Two NHS Integrated Care Systems (ICSs) are piloting a new digital health toolkit on elective care which aims to support healthcare workers and tackle the backlog.
Our Dorset and the Lancashire and South Cumbria Health and Care Partnership ICSs will be trialling the toolkit, which has been curated by the Organisation for the Review of Care and Health Apps (ORCHA).
The toolkit will be offered to all ORCHA customers for free and focuses on digital solutions that are aligned to the main NHS backlog priorities: ophthalmology, musculoskeletal conditions, cardiology and dermatology.
The toolkit’s approach is to offer guidance on the best technology solutions available, as opposed to just recommending a single solution for each pathway. This enables users to find the most appropriate solution, all approved by ORCHA.
Crystal Dennis, head of digital services at home with Our Dorset ICS, said: “Working with a toolkit like this is an excellent way forward for us. It helps focus out busy clinicians on just the apps they need – along with the assurance that they have been purposely selected by their peers and undergone an evaluation process to demonstrate that the tools are fit for purpose/DTAC-approve – and sets the patient up for success.”
According to ORCHA – an independent digital health evaluation and distribution organisation – the rationale behind the toolkit isn’t about providing staff with more technology, but finding the right technology that can support their existing pathways.
Dr Lloyd Humphreys, ORCHA’s managing director, said: “Technology needs to have a ‘force multiplier’ effect for the NHS in the wake of staff shortages, where it complements, enhances and supports health and care workers and helps patients at each stage of their treatment journey.”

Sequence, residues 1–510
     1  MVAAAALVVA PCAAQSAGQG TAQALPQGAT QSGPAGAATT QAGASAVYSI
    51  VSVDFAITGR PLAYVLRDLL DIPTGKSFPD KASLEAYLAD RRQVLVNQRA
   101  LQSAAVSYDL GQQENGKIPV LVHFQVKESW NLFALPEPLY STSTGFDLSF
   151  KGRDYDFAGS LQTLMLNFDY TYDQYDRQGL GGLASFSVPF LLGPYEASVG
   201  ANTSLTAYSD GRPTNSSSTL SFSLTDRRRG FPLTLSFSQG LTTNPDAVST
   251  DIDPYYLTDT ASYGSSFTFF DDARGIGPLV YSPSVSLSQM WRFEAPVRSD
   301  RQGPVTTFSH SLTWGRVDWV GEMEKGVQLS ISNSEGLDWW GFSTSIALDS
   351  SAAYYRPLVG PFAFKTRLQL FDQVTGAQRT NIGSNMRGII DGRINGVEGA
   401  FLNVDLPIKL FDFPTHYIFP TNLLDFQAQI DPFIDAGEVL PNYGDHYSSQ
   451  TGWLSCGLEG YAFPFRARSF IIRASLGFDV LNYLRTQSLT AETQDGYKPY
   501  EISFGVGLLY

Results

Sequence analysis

The technologies covered within the elective care toolkit for Dorset and Lancashire are quick to deploy and deliver real impact. They include an app which could save an estimated 1.7million hours of nursing time if deployed for use in eye services; an app that reduces the need for pre-op assessment appointments within musculoskeletal services by 60%; and a cardiology care app which could reduce the number of patients dropping out of rehabilitation by over 50%.
Linda Vernon, digital culture and transformation clinical lead at Lancashire & South Cumbria Health and Care Partnership, added: “We are trialling ORCHA’s elective care toolkit because we want to be absolutely sure that our teams have access to the very best digital tools to help them transform the delivery of the many high-volume and low-complexity tasks associated with supporting patients through some of our elective pathways.”
This latest announcement by ORCHA follows the news at the start of the year where it partnered with Central and North West London NHS Foundation Trust to launch a health and wellbeing app library for its patients.